This is BPD small ball, an improvement over many years of therapy and introspection. For some, the same comment would have sparked a much different reaction.

How Do Others With Type 1 Diabetes and BPD Present Themselves?

I’ve never met anyone else with Type 1 and BPD, so the following are from various medical journals. In general, the authors paint a gloomy picture of the Type 1 Diabetic BPD patient.

1. She doesn’t take care of her diabetes and blames others for it. Codependent spouses might be blamed for not taking care of the Type 1’s prescriptions, glucose meters, etc.

2. A1Cs are out of control. Metabolic Panels, Cholesterol tests, etc. out of normal ranges.

3. Patients refuse to follow medical advice, not because it is bad advice, but because they’re having a personality conflict with the provider.

4. Appointments are frequently missed and canceled. Office staff spend inordinate time taking care of BPD patients, coordinating and enforcing office policies.

5. Patients jump from clinic-to-clinic after a blowup or feeling offended. Arriving at a new clinic, she states, “I know you’ll be the best doctor I’ve ever had.” (Victim-Rescuer Dynamic)

6. BPD patients do not follow rules and expect special treatment. Full medical records are requested “STAT”, opposed to a 3-7 day wait most people experience.

7. Nasty complaint letters or phone calls will be made against the physician’s office.

8. Healthcare providers are pitted against themselves. The psychiatrist will get one story about the Endocrinologist; the Endocrinologist will get another story about the psychiatrist. The therapist is stuck in the middle. 🙁

Some diabetes clinics will actually “tag” a BPD patient’s file, so they know to be prepared when he/she arrives for treatment. This is for their own sanity, because they know the interaction will be more emotionally charged than normal.

Read more:

1. Borderline Personality Disorder and Diabetes: A Potentially Ominous Mix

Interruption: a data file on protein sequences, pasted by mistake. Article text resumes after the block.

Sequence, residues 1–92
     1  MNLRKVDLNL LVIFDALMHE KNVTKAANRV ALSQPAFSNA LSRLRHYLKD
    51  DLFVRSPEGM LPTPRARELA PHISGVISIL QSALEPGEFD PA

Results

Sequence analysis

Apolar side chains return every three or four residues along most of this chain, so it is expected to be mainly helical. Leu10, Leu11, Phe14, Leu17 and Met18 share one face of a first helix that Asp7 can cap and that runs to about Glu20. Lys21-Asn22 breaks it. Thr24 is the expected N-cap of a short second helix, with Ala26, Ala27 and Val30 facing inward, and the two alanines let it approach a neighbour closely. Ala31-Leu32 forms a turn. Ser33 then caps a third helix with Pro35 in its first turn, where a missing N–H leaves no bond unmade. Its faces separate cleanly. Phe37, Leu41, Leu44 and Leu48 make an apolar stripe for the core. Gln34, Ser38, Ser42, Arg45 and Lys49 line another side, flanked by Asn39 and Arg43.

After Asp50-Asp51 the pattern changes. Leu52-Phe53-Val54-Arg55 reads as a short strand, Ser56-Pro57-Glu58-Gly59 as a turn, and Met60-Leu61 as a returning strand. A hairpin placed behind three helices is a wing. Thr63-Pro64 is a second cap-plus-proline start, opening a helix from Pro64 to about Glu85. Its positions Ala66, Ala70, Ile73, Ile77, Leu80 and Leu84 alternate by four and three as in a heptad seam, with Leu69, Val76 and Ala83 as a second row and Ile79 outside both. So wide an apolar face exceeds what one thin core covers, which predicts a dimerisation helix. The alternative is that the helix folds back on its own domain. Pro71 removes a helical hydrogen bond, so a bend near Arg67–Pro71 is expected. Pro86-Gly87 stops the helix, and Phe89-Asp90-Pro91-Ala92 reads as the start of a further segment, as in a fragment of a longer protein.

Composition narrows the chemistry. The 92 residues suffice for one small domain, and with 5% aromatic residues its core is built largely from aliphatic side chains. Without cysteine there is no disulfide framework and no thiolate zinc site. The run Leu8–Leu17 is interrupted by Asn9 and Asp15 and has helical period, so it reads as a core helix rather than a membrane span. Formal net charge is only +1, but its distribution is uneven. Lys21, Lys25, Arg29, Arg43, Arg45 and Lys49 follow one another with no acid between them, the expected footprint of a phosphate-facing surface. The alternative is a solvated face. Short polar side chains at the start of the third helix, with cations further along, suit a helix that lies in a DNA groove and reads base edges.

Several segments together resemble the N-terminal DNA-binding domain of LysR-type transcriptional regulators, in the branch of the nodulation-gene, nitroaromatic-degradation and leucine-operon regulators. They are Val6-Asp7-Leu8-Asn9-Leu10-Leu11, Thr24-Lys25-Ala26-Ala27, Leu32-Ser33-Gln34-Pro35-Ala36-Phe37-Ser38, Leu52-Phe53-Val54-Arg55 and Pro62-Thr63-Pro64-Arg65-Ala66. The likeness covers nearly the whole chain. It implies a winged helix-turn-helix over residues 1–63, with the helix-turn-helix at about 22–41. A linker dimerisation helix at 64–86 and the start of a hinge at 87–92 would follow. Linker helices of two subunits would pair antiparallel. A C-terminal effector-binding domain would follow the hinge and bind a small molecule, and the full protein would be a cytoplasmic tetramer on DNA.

2. Treating Patients with Borderline Personality Disorder in the Medical Office

Is there hope for people with Diabetes and Borderline Personality Disorder?

Yes. I sincerely believe there is hope and improvement for anyone battling both of these conditions.

I started this blog calling it an exclusive club. That was an objective compliment, because it is a rare combination. Of course, I’d rather be rare for different reasons than my health problems. But give yourself a break: these challenges are well beyond what most people face.

If you’re worn out from both conditions, start working on one first. Personally, I think diabetes is easier and more approachable. It sows seeds of structure, responsibility and management necessary for BPD treatment. With better BG numbers, your physical health, energy levels and mood will improve. Next, sit down with a skilled psychiatrist and therapist for the tough work coping with BPD entails. DBT groups, psycho-analytical group therapy and applicable meds for depression and anxiety will help.

Realize your rarity means most people will never understand your struggles. Furthermore, that few doctors will have experience with both conditions at once. Accept – for now – that progress will be slow and hard fought; but it will be worthwhile.

Finally, don’t let the perfect be the enemy of the good. Set reasonable diabetic and therapeutic goals. Anyone who is telling you to “snap out of it and eat better” is grossly misinformed and ignorant. This all takes immense time and energy. Don’t defeat yourself at the outset with the expectation of feeling great – physically and mentally – in a couple months.

Find qualified health professionals and cut them slack. They are doing their best. So are you. Sometimes emotions run high on both sides. Therapy will provide insight and coping mechanisms so that productive healthcare relationships aren’t ruined.

Feel free to ask questions in the comment section below. Good luck to everyone.